Future of state growth management in question under new department

The head of the new department that will house Florida’s growth management division says he’ll have to decide future growth management decisions on a case-by-case basis.

SB 2156, signed into law by Gov. Rick Scott on June 14, abolishes the Florida Department of Community Affairs and transfers its planning division to a new Department of Economic Opportunity by Oct. 1.

Coupled with other growth law changes, some environmentalists have worried that the department’s development mission will trump state laws designed to curb urban sprawl and protect communities and natural areas.

Doug Darling, an aide to Gov. Rick Scott, will be executive director of the new Department of Economic Opportunity. The Division of Community Development will consist of about 32 planners, down from 61 last year at DCA’s Division of Community Planning.

In an interview earlier this month, Darling said the new law changes placed growth decisions in the hands of local government while the state’s role is to focus on large-scale land-use planning.

“So what I believe will happen on a local comprehensive plan amendment or something like that unless it is an area of critical state concern, the state will not weigh in,” Darling said.

The law changes also call for the state to get involved in areas of “significant” state resources. Environmental group representatives argue that it’s unclear what those resources are because they have not been identified.

Charles Lee, Audubon of Florida’s director of advocacy, said in June he’s concerned that decisions by planners to challenge development projects may get overruled in the new department.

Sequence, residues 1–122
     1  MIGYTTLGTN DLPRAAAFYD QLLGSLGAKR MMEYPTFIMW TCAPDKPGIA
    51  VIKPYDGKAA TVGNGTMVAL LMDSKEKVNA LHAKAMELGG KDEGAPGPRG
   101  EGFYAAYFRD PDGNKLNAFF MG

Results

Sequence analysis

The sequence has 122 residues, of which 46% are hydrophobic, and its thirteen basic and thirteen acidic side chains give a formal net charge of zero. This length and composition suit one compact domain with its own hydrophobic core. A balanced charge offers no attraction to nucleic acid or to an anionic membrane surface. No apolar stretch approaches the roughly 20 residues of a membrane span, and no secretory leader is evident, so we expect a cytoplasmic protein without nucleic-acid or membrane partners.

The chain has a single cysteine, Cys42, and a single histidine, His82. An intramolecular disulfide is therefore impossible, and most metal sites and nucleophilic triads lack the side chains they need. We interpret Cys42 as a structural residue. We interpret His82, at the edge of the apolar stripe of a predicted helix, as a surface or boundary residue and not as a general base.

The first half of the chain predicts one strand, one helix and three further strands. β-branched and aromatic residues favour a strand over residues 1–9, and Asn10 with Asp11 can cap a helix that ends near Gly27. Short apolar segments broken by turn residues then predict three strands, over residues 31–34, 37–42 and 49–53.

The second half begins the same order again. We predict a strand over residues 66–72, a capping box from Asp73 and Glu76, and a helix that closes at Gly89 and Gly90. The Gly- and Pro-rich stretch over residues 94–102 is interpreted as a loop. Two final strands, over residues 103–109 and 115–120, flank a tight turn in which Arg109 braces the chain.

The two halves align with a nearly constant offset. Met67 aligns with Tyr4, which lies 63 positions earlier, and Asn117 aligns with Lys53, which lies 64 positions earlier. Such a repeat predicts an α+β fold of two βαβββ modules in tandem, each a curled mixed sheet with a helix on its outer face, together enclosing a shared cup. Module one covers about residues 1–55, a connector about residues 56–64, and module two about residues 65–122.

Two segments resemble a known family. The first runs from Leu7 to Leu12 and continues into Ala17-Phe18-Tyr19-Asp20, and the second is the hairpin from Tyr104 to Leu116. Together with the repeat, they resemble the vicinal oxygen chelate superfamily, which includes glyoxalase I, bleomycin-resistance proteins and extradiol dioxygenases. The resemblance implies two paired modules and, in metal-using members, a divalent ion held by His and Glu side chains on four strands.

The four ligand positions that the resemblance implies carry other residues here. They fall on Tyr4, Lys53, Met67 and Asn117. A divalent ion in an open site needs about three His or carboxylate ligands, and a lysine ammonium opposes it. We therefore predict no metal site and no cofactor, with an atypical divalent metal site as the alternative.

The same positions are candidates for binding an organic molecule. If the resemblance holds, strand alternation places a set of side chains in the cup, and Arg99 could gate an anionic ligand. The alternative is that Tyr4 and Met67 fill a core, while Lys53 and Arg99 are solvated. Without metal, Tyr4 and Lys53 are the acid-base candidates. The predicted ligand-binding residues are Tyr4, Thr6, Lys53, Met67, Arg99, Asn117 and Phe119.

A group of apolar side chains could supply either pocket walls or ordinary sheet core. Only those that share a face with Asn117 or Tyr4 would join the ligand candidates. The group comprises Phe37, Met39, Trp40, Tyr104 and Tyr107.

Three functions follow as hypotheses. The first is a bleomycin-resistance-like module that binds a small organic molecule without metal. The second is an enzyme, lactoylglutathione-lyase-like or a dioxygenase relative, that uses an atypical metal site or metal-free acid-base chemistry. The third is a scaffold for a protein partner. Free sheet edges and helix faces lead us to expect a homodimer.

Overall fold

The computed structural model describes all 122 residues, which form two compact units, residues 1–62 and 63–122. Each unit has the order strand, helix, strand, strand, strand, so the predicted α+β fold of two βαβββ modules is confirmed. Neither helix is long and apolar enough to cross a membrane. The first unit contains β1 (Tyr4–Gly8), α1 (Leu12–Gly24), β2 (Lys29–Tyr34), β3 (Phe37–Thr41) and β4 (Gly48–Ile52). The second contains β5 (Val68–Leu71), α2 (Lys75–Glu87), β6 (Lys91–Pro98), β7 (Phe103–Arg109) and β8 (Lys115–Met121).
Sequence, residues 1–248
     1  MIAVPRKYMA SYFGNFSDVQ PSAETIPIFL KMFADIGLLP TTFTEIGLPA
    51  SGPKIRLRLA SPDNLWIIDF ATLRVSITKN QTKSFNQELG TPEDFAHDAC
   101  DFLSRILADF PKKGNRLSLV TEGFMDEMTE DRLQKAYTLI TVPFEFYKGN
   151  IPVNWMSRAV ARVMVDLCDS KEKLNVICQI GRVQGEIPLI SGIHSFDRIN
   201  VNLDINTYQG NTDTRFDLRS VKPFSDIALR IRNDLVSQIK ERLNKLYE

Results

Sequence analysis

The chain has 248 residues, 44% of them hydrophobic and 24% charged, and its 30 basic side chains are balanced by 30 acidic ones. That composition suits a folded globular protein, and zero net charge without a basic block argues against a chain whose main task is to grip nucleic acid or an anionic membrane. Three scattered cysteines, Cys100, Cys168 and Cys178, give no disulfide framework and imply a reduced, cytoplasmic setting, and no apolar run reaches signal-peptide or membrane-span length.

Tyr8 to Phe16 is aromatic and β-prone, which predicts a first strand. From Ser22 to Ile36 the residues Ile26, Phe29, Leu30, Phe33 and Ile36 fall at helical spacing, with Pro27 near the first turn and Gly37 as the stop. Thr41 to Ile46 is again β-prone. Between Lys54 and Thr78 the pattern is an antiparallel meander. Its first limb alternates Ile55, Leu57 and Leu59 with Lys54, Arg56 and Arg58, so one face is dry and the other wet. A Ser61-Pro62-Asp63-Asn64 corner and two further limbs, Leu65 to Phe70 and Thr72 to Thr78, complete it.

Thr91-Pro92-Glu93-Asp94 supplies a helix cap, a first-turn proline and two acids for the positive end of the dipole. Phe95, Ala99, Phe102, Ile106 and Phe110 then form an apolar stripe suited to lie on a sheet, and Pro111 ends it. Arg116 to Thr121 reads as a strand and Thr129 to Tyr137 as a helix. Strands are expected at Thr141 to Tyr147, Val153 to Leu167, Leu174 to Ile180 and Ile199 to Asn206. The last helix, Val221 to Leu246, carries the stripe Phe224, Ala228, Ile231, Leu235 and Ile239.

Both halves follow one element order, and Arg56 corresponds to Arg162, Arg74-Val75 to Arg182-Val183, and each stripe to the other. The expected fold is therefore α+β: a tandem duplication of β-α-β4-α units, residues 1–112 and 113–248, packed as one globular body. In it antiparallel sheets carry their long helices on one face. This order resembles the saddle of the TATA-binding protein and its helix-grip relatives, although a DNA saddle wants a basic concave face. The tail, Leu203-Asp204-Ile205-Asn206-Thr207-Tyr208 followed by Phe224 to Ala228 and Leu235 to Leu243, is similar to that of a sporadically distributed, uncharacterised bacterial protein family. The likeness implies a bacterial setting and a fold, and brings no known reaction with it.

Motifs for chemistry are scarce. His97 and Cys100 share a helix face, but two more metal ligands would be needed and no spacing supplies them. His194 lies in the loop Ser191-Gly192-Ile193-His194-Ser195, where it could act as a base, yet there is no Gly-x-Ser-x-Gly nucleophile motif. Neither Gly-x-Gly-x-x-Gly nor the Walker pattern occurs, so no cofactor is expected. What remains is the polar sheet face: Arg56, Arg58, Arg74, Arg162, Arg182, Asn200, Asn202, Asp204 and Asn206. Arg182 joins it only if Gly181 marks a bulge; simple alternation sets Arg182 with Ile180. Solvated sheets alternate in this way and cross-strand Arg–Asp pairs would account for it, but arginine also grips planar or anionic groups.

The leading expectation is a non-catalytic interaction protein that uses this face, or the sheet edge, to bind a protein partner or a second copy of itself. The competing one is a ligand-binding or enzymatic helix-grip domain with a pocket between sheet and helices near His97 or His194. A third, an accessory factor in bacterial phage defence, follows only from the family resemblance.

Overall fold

“Will it [growth management law] be rendered nonfunctional by pressure from the top of the Department of Economic Opportunity?” Lee said.

Darling says if the former DCA planners say a development is a bad idea, then “I think I will act much like any other agency head who takes staff recommendations and who perhaps has sometimes a different perspective on things.”

“Maybe they are focusing on one thing too much, or I may absolutely support them,” he added “I will take it on a case-by-case basis.”

A transition team progress report on Aug. 15 lays out the organizational structure of the new department. A consultant’s report issued Aug. 19 discuss recommendations for the new department to help businesses create jobs.

There is little discussion of the new department’s growth management role in an 82-page consultant’s report beyond mention of programs and responsibilities on pages 54-55.

In his earlier interview, Darling said he doesn’t see economic development and growth management as being in conflict.

“Our growth management has always included an economic development element,” he said.

Lee said this week that Darling’s appointment was good because he has an environmental background as former inspector general of the Florida Department of Environmental Protection.

But Lee also said the question remains whether growth management will survive within the department. The culture of the department, as established by Darling, will be the key factor, Lee said.

“We will probably have some early tests where the (former) Division of Community Planning is in a position to do something and either does or doesn’t,” Lee said. “And some resources will be either protected or sacificed because of that.”

(Governor’s Office photo. Story copyrighted by Bruce Ritchie and FloridaEnvironments.com. Do not copy or redistribute without permission, which can be obtained from bruceBritchie@gmail.com.)